Liquor and gun cabinets. Even teenagers can be the victim of attractive nuisances, if the attractions are items such as guns, liquor, power tools, etc. Homeowners should take reasonable steps to keep these items out of the hands of unsupervised minors.
Gun owners can be responsible for accidental injuries caused by a young person they didn’t invite into their home, and parents in some cases have been held liable for drunk driving accidents caused by their children’s friends.
More doctors are making patients promise not to sue
A growing number of doctors are requiring patients to agree not to sue them if something goes wrong with their treatment.
These doctors are requiring patients to sign a contract saying that if they accuse the doctor of malpractice, the case will go to arbitration.
Arbitration is a process where a third party decides an issue without a judge or a jury being involved. Arbitration is quicker and cheaper than going to court, and arbitration requirements are fairly common in contracts between big companies. But having doctors force patients to sign arbitration agreements is new.
In theory, arbitrators are supposed to be neutral, but in practice, it’s often the doctor who gets to choose the arbitrator or pick the company that will provide the arbitrator. Plus, various rules and rights that help level the playing field in court don’t necessarily apply in arbitration.
However, it’s not clear that doctor-patient arbitration agreements are always legally valid, so even if you signed one, it might still be possible to have a court decide your claim.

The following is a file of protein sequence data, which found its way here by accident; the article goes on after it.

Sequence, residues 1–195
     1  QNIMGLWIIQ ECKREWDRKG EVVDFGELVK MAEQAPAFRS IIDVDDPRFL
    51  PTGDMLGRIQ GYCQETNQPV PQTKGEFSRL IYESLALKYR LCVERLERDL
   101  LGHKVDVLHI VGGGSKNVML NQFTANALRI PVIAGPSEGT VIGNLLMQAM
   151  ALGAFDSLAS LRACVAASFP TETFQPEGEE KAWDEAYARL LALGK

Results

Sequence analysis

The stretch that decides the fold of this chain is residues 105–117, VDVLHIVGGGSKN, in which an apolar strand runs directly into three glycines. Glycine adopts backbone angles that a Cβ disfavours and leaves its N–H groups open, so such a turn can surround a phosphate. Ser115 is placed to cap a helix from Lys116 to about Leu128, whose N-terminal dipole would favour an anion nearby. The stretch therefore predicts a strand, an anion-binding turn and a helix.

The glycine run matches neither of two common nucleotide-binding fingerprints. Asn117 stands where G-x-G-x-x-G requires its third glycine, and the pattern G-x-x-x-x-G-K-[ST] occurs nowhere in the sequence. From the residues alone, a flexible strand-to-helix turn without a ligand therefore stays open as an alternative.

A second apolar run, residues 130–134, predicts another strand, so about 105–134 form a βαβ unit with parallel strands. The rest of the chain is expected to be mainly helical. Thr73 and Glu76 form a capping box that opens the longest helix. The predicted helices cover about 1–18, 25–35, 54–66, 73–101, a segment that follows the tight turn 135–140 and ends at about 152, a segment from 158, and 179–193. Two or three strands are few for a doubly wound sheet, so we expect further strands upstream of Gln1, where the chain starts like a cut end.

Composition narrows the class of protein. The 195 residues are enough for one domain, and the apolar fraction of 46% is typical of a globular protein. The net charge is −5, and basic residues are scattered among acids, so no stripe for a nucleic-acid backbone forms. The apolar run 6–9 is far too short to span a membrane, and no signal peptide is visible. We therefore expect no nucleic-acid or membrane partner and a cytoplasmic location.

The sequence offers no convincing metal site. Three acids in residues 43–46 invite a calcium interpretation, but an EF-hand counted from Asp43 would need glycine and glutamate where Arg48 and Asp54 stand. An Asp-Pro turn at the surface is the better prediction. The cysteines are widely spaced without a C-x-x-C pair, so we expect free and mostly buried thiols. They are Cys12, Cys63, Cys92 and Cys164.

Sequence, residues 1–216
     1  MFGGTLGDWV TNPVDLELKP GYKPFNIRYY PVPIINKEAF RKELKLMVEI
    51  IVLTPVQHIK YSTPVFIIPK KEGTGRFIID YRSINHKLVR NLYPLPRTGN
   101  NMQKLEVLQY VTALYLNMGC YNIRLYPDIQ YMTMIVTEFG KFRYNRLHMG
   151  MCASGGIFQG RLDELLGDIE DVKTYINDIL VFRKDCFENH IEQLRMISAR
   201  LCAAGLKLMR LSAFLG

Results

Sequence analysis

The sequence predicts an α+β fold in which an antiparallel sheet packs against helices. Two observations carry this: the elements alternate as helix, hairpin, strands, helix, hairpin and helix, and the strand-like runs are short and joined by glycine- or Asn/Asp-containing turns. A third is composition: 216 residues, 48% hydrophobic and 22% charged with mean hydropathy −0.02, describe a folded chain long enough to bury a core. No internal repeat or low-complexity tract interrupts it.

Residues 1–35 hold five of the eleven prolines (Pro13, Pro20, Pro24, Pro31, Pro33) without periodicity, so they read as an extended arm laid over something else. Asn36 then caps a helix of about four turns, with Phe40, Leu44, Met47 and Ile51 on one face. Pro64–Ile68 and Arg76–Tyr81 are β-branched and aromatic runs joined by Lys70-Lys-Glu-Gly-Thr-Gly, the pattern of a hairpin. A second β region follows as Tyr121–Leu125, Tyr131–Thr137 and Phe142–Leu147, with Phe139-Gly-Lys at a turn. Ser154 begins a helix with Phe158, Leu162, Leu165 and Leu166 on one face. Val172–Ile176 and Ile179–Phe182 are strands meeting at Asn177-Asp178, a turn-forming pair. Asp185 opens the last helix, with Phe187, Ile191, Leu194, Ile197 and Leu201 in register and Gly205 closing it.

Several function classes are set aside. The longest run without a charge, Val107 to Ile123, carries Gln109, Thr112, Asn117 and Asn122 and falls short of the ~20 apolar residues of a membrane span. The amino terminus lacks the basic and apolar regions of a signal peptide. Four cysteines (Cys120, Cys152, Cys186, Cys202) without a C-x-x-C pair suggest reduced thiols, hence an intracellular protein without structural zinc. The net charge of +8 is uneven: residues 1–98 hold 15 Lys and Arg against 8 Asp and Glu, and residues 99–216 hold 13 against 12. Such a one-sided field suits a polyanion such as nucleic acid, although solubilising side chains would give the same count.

In one recent case, a patient in Florida signed an arbitration agreement before having surgery. The agreement also said that in any malpractice claim, the amount the patient could be awarded for pain and suffering would be capped at $250,000.
After surgery, the patient died from complications caused by the laceration of a vein during the operation. And despite the arbitration agreement, the Florida Supreme Court said the patient’s wife could sue in court for malpractice.
According to the court, this particular agreement violated the state’s malpractice law because it was too one-sided in favor of the doctor.
Arbitration agreements can come up in many other contexts, too, such as when people sign contracts for nursing home care.
Here’s another reason injured people should act quickly
You might be familiar with “statutes of limitations,” which say that you have to file a lawsuit within a certain time period after you suffer an injury, or else lose your rights.
But you might not know that some states also have a “statute of repose.” This is a law that usually applies where someone is injured by a product, and it says that any lawsuits have to be brought within a certain period of time after the product is first sold – regardless of when the injury occurs.
If a state has a 10-year statute of repose, then any lawsuits over a defective product must be brought within 10 years after the date of the first purchase.
So suppose you bought a used car today that was first sold in 2002. If the car had a defect that caused you an injury, but there was a 10-year statute of repose, you’d be unable to sue the manufacturer at all.
Some states have statutes of repose for medical malpractice cases. For example, if a doctor botched a procedure, but the complications didn’t show up until many years later, you might be unable to be compensated.
That’s why it’s so important to consult a lawyer as soon as you’ve suffered an injury. Even if a statute of limitations says you have a year or more before you lose the right to file a lawsuit, a statute of repose might expire within months, weeks or even days.